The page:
Adjective as Adverb Conjunctive Adverb Indicate Condition Interrogative Adverb Noun as Adverb Positive and Negative Preposition as Adverb

8. Ken woke up early. Consequently, he is tired.

Adjective as Adverb Conjunctive Adverb Indicative Condition Interrogative Adverb Noun as Adverb Positive and Negative Preposition as Adverb

9. The programmers worked on the project yesterday; finally, they finished it.

Adjective as Adverb Conjunctive Adverb Indicative Condition Interrogative Adverb Noun as Adverb Positive and Negative Preposition as Adverb

10. No, they are not going to Florida for their vacation next winter.

Adjective as Adverb Conjunctive Adverb Indicative Condition Interrogative Adverb Noun as Adverb Positive and Negative Preposition as Adverb

11. Maybe Janet and John have never been there before.

Adjective as Adverb Conjunctive Adverb Indicative Condition Interrogative Adverb Noun as Adverb Positive and Negative Preposition as Adverb

12. Do not talk so loudly in the nursery.

Adjective as Adverb Conjunctive Adverb Indicative Condition Interrogative Adverb Noun as Adverb Positive and Negative Preposition as Adverb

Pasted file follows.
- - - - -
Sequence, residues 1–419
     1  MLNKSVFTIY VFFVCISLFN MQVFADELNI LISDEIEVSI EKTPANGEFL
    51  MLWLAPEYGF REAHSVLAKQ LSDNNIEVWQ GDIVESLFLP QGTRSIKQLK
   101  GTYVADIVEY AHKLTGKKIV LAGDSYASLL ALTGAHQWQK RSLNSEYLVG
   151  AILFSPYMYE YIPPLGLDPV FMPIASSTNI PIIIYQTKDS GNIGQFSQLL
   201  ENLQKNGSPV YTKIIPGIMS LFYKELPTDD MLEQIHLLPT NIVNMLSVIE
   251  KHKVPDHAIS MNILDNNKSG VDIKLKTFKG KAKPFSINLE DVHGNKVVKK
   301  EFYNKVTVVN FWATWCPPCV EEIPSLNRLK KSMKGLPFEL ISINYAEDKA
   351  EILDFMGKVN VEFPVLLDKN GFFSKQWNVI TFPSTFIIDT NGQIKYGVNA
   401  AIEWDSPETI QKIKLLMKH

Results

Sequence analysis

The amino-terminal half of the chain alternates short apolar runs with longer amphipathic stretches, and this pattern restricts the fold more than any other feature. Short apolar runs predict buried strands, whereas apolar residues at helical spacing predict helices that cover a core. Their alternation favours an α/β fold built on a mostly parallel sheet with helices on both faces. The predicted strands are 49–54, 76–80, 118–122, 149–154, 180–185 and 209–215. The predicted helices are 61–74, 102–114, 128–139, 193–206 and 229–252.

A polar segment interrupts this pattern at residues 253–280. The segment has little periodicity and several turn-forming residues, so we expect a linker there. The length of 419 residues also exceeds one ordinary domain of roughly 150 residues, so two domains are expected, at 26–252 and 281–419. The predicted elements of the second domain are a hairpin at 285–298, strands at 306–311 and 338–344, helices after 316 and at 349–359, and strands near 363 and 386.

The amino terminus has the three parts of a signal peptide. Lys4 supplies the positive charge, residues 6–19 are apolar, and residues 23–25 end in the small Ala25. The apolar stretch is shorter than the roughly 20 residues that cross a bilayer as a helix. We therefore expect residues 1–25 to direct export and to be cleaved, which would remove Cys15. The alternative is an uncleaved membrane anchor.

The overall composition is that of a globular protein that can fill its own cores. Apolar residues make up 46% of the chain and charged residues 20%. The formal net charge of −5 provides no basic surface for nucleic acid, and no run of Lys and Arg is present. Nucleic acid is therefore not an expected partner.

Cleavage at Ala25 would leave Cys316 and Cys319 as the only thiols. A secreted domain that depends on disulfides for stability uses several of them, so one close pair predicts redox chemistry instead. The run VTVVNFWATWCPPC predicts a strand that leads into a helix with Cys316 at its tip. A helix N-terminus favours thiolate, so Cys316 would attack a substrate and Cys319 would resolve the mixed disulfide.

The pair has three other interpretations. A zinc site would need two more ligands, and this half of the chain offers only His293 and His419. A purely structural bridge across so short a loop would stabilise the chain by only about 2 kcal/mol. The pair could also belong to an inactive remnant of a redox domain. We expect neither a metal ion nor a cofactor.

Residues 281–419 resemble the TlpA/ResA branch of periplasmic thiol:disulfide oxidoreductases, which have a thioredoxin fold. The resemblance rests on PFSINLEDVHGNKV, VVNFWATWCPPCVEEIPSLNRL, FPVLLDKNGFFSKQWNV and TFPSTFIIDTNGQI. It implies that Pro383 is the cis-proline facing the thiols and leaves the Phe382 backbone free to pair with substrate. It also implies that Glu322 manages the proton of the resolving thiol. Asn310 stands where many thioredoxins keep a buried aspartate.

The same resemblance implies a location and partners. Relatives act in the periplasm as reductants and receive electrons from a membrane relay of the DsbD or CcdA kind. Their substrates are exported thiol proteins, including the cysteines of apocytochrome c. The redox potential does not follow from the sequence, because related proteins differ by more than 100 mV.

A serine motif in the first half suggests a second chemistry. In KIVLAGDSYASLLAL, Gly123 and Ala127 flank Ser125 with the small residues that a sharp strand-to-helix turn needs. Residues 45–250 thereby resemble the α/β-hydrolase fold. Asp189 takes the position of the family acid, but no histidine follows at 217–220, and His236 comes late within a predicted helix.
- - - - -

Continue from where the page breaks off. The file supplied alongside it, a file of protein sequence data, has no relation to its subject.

13. They had just come down from the tower before we arrived.

Adjective as Adverb Conjunctive Adverb Indicative Condition Interrogative Adverb Noun as Adverb Positive and Negative Preposition as Adverb

14. We are going south for the winter. Undoubtedly, our luggage will weigh more than 30 pounds.

Adjective as Adverb Conjunctive Adverb Indicative Condition Interrogative Adverb Noun as Adverb Positive and Negative Preposition as Adverb

15. Our teenagers rarely ever come home on time.

Adjective as Adverb Conjunctive Adverb Indicative Condition Interrogative Adverb Noun as Adverb Positive and Negative Preposition as Adverb

16. When does the plane leave? I just need another few minutes to pack.

Adjective as Adverb Conjunctive Adverb Indicative Condition Interrogative Adverb Noun as Adverb Positive and Negative Preposition as Adverb

17. Mr. Jones was not yet mayor when he spoke out about inner city renewal.

Adjective as Adverb Conjunctive Adverb Indicative Condition Interrogative Adverb Noun as Adverb Positive and Negative Preposition as Adverb